When I kowtowed, the students gave a collective cry of horror, and some of them jumped to their feet and tried to pick me up. They were aghast, maybe a little outraged. A few stared at me with genuine concern, as if they thought I might be crazy. I tried to apologize for my mistake, but for once, they didn’t give me a pass for being a foreigner. They essentially told me, Don’t ever do that again. I did my best to control the most severe embarrassment I’ve ever felt and kept teaching.

In a daytime class that was being difficult, I announced a system whereby students would come up to the front one at a time to be quizzed and graded on the spot. Kids started gathering around me after they had been quizzed to see their grades. I waved them back behind a painted line on the floor and told them not to move. The next girl I called came right up and craned her neck to look at my grade book. “Get behind the line,” I told her.

“I’m tightening my control on all of you,” I declared. I made sure I knew all their names, took attendance carefully, and instructed them that I was going to grade each and every one of them on their classroom performance every single day. But there were a lot of kids, so after doing this, there was almost no time left for teaching.

I told a brooding young man named Cui Honglei that he was failing but that I didn’t want to fail him; all he had to do was give me a signal that he was trying. He didn’t send out any signal, so I gave him an F, as promised. On the stairs after class, a young woman intercepted me and said, “Do you know Cui Honglei?” I saw him standing behind her with his hands in his pockets and his eyes down. “He says you gave him an F,” she said. “You don’t have to fail him. Just give him a D.”

“Why’s she talking to me instead of you?” I asked him, but he remained silent. “I don’t know you,” I told her. “I shouldn’t be hearing from you. I should be hearing from him.”

As I walked away, they whispered together, and he glanced after me darkly.

The truth was that I understood almost nothing about how the school worked, and I still don’t. Some kids seemed to not care about their grades at all, as if they had made other arrangements; others cried if you failed them. I ended up giving Cui Honglei a D.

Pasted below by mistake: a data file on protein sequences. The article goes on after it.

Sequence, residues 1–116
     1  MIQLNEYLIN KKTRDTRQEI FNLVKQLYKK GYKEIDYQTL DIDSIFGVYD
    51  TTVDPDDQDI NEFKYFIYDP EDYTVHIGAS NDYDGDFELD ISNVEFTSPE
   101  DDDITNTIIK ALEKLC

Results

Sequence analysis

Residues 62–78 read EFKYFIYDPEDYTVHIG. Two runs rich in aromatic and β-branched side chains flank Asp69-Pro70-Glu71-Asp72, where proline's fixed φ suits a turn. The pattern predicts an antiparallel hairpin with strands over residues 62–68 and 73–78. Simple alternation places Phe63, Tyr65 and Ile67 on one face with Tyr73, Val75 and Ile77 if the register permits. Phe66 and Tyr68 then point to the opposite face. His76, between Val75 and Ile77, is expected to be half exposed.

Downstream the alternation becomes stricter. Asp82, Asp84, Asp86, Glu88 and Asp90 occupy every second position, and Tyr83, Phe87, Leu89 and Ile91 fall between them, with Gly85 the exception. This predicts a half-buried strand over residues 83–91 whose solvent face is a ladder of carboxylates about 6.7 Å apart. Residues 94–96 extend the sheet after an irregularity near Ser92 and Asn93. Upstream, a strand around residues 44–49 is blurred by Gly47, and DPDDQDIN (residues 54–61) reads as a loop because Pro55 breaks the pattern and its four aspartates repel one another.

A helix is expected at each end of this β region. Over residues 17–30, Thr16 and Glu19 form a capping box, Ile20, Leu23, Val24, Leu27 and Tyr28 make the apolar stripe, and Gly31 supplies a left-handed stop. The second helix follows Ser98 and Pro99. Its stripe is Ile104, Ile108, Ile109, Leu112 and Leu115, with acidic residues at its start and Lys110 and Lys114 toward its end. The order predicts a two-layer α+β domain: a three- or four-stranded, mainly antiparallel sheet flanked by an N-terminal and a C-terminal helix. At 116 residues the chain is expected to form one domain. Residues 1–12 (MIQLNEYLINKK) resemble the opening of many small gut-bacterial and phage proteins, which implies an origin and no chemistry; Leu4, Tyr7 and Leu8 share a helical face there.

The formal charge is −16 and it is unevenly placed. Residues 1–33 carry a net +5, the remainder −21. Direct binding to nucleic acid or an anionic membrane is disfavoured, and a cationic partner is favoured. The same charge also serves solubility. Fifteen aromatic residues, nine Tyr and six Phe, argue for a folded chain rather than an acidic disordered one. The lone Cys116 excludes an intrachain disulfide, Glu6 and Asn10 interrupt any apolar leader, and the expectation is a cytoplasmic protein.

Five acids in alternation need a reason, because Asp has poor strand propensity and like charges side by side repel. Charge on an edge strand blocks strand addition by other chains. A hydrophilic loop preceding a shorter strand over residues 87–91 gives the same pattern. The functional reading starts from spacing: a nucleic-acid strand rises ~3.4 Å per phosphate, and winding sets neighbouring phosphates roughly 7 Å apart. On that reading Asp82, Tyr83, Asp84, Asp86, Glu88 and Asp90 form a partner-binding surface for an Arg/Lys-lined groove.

Three weeks into the semester, Mystical showed up in my night class.

“I thought you were in my wife’s class.”

“I am, but I wanted to see what your class is like,” she said as she touched up her makeup.

We were working on giving directions, a topic in our textbook, Oral Workshop. I was having them tell me how to get from here to the Wushang, and I was making everyone do it in precise detail, starting from where we were in this classroom at this moment: “Go out the door, turn left, go down the stairs, go outside, walk down the street, make another left, walk out the gate and down to the end of the street, catch the Number 1 bus, take it to the end of the line, transfer to the Number 3 bus, get off at the grocery store.” All the students were struggling through some version of this recitation. Many were having trouble with idiomatic expressions like “make another left,” which weren’t in the textbook, but I wanted them to learn how Americans actually talk. Most of the kids broke down about halfway to the goal, lost in grammar and left turns. I drew a map on the board to help them see it.

When it was Mystical’s turn, she compressed the entire exercise to, “I’d take the Number 11.” This was a physical pun: The “Number 11” meant walking, as she demonstrated by making her fingers walk. The two inverted fingers looked like the number 11.

At the end of the class, she asked me what we’d be doing next week. “We’ll be working on this lesson until we master it,” I said. She said that that didn’t sound interesting and didn’t come back.


Photography by Beth Lish

Read Part I, Part II, Part IV, and Part V

Gone

Wish you were there

Atticus Lish

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The novel Preparation for the Next Life is in stores now. Published by Tyrant Books (@nytyrant). (This account is run by @nytyrant.)

Gone

Gone

Wish you were there